BookReview_Reconciliation_3001-750813

Reconciliation: A Son’s Story by Steve Sparks, November 2011… The resilience of a post WWII and Korean War US Navy military family… click book cover for larger view of my father Vernon & mother Marcella c1940.

 

 

Pearl Harbor Remembrance Day, December 7, 1941…My Father’s Memories…

PearlHarborUSSWestVirginia

USS West Virginia (BB48) Pearl Harbor, December 7, 1941… It was when this photo was taken, my Dad, Vernon H. Sparks, US Navy, Coxswain, was swimming to Ford Island following the call by Capt. Bennion to “Abandon Ship!”

 

 

A post WWII family's struggle with moral injury and PTSD

Photos on cover of Vernon and Marcella Sparks c1940 and the USS West Virginia in the aftermath of Pearl Harbor…

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The well recognized photo of the USS West Virginia (BB48) is very personal to me.  I know my father, Vernon, was swimming to Ford Island at the time the photo was taken of his ship sinking in Pearl Harbor.  The heartfelt feelings are healing and provide a special spiritual connection to my father.  When asked, Dad talked of his experience on that fateful day so long ago… I could tell it was hard for Dad to speak of the events because the memories were so vivid and painful for him.  He lost his best friend and shipmate Roy Powers on that day, and could never get past the memory of seeing his battle buddy falling back headless from looking out the porthole of the ship during the bombing.  Dad rarely spoke of the rest of WWII and the many months he spent in hard combat in the South Pacific.  He finally came home in June of 1945 just before WWII ended.  I tell my family’s post WWII story of forgiveness and healing in the books listed below.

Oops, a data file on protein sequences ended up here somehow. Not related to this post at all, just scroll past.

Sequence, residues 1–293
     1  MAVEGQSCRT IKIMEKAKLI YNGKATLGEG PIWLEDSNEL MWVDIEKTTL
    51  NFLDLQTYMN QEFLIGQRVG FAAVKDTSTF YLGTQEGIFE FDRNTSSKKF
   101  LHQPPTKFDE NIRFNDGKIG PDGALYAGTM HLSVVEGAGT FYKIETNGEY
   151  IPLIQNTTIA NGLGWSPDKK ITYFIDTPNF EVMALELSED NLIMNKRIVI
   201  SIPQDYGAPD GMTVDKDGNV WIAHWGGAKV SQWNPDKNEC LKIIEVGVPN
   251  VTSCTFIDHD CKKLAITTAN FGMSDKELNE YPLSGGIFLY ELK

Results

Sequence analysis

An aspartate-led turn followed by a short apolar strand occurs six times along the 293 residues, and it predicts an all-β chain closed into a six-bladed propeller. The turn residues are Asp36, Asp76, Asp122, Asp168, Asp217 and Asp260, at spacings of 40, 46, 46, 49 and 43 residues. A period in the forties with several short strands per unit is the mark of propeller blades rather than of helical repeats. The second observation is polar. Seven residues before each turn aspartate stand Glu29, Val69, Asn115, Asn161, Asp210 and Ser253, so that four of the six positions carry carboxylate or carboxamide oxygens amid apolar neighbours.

My cousin, Dawn, in Minneapolis, Mn., sent me Dad’s written account of his experience aboard the USS West Virginia (BB48) before he finally abandoned ship as ordered.  Dad wrote his account for the US Park Service on the 50th Anniversary (1991) of the Japanese Attack on Pearl Harbor.(click on this powerful ABC video clip)!  This was the first time he returned to Pearl Harbor following WWII to receive the Pearl Harbor Survivors Medal.  The unexplained part of this story, is that my father never shared the US Park Service document with his immediate family.  He mailed it to his sister, Dolly, for safe keeping.  My guess  is that it was too painful for him to share the tragic details with us by revisiting the experience over and over again…

In honor of all those who served, and the families who waited for weeks to learn of the fate of loved ones, following is my father Vernon’s transcribed first person account of those minutes following the bombing of Pearl Harbor on December 7, 1941…

Vernon H. Sparks Handwritten Account

Following is a transcription from the National Park Service…

National Park Service

Survivor Questionnaire – Persons Present December 7, 1941, Oahu, Territory of Hawaii

Vernon H. Sparks, US Navy, Battleship USS West Virginia, Coxswain

Hometown: St. Paul, Mn

Brief Account of What Happened to You Before, During, & After the Japanese Attack on Pearl Harbor.